Developer’s life advice? Never stop experimenting and learning
19 Feb 2019

David Frťala, Senior Freelance Developer, Co-founder & CTO of Jarvify

 freelancing

Rapid-fire Questions

Which company/startup/non-profit organization in CEE inspires you and why?

WebSupport. Back in days, they were our IT leader and a trendsetter :) Pioneers in many technological fields.

 

Top three (audio)books/blogs/podcasts that changed your way of looking at the world?

The Power of Habit by Charles Duhigg
12 Rules for Life by Jordan B. Peterson
The Snowball: Warren Buffett and the Business of Life by Alice Schroeder

 

The best personal hack that helped you become more effective/productive/healthier/less stressed/get things done over the last 6 months?

Cold showers.

 winterisation

If you could change one thing right away with a magic wand, what would it be?

Bratislava would have a subway.

 

A quote you live by?

"Dark and difficult times lie ahead. Soon we must all face the choice between what is right and what is easy" - Albus Dumbledore

###

In his 27 years of life, David has been collecting work and life experiences like a child would collect marbles.

Though we say he’s a developer, he’d likely take issue with that statement. “I wouldn’t put myself solely in the ‘developer’ box anymore. That was the case 15 years ago when I started,” he clarifies.

Instead, he is driven by a constant need to learn, experiment and explore new possibilities. “I still have that curiosity, that drive to learn new things!” he explains excitedly. And there is much more to him than that.

Trial and error as a way of life

In true developer fashion, David’s spent his life testing out his options and seeing what works best. He tried out university (twice) and found it lacking. “I never let school stand in the way of my learning,” he says with a sly grin. 

At some point, a big conglomerate job came along. “Everyone says that working in a big corporation is terrible. I wanted to see it for myself. And you know what? They’re right!” So when that wasn’t working out, David jumped on a freelance ship.

It was also during this time of his life that he crossed paths with Campus for the very first time.

The start of something new

Looking to exercise his brain cells a little, a hackathon provided the perfect opportunity. “I didn’t have a team or anything. I just figured I’d join someone else and help them win,” he reminisces.

Indeed, David and his team won. 

It was during the event it occurred to him, that he could imagine working from Campus. He was freelancing from the comfort of his home, but as we all know, that can get a little lonely. “My only company was my cat and even he was ignoring me.”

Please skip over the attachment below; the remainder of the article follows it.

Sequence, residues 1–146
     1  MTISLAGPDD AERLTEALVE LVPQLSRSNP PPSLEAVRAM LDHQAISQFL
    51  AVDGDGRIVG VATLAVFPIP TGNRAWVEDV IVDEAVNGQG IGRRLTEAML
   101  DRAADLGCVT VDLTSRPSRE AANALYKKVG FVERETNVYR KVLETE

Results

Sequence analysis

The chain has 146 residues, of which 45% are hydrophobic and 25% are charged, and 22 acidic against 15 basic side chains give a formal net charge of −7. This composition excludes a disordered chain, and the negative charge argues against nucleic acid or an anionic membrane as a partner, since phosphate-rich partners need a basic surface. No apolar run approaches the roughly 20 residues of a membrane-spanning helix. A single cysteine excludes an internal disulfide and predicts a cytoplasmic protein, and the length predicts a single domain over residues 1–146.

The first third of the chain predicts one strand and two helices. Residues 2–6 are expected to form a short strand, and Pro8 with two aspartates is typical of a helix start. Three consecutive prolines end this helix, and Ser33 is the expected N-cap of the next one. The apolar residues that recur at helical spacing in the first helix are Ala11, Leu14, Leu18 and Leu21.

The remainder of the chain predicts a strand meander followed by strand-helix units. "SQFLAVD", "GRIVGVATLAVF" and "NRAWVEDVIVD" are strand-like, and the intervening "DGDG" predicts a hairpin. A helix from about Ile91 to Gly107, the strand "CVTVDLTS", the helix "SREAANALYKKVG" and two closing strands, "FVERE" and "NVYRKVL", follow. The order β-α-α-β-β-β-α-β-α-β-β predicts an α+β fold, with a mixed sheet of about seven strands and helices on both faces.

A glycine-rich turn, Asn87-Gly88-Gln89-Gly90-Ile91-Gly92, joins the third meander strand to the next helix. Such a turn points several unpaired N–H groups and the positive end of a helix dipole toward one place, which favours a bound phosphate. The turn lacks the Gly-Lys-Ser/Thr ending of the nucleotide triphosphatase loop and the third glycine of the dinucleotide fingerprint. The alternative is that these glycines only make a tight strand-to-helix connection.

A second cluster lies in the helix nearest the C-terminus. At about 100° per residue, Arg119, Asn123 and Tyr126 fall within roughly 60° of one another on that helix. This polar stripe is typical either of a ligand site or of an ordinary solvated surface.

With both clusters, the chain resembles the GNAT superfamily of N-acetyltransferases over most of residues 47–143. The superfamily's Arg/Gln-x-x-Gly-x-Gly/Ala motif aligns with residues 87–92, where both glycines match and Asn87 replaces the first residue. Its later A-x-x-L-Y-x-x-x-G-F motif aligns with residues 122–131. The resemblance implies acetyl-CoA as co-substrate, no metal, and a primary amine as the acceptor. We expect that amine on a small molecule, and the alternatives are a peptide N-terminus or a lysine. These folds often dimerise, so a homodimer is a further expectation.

So, with shallow expectations to start with, David came to occupy a fix desk in the co-working space. He expected to come to sit down, do his work, stand up and go home. “Also I wanted to absorb information from my surroundings when I’d take off my headphones.”

He found that and much more to boot.

Coffee –> CTO trajectory

Getting to know a community at a new place can be difficult. If the place has a coffee machine, you at least know where to start.

According to David, the people at Campus made it a lot easier too. “No one will refuse to introduce themselves to you or to chat with you. Everyone has the mindset of ‘what if something good comes from this conversation?’,” he describes the first interactions.

Over the first five months, he met Dušan Duffek (Campus co-founder) and got into a conversation about a project he was involved with.

Jarvify, a platform delivering AI-powered chatbots, is looking to automate companies’ customer support, processes, marketing, and more. One thing led to another and David became a part of the team. Today, he holds his position of CTO and Lead Developer.

 reflect festival

How the Campus changed a hard-coded habit
That was how Campus changed David’s job situation. However, did it do anything for his mindset as well? 

“I walked into the Campus a different David than the David who walks out of it after two years,” David says deliberately. A great example is ideas. The “old” David was afraid of talking about his ideas, in case someone would want to steal them.

The opposite is true, though.

Ideas and dreams are somethign we should talk about more often. “Here I realized you could find multiple people who dream of the same thing. Suddenly, you’re a group of people going the same way.”

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